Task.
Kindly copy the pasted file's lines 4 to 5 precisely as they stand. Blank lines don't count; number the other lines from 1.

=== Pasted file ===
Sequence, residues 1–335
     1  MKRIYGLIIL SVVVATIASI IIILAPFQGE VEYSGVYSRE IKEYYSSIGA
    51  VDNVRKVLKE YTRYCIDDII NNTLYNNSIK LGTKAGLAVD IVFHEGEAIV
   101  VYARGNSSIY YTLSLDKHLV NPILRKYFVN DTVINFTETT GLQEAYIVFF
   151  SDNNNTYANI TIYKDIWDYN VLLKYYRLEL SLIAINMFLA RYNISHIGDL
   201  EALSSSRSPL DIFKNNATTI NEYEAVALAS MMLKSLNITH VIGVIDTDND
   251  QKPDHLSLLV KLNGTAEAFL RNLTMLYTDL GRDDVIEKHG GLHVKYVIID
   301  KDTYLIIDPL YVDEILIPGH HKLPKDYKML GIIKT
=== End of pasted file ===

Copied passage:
   101  VYARGNSSIY YTLSLDKHLV NPILRKYFVN DTVINFTETT GLQEAYIVFF
   151  SDNNNTYANI TIYKDIWDYN VLLKYYRLEL SLIAINMFLA RYNISHIGDL